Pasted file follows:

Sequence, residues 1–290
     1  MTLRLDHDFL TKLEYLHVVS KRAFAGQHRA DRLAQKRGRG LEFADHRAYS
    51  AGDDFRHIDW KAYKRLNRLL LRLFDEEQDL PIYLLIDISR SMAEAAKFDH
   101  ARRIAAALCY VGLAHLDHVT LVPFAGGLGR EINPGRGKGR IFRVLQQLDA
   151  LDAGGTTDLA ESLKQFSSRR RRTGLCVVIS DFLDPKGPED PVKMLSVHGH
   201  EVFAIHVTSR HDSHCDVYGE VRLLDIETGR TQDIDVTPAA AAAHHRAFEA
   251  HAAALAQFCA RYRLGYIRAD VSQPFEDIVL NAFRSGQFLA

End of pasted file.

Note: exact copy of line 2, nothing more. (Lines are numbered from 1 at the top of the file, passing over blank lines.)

     1  MTLRLDHDFL TKLEYLHVVS KRAFAGQHRA DRLAQKRGRG LEFADHRAYS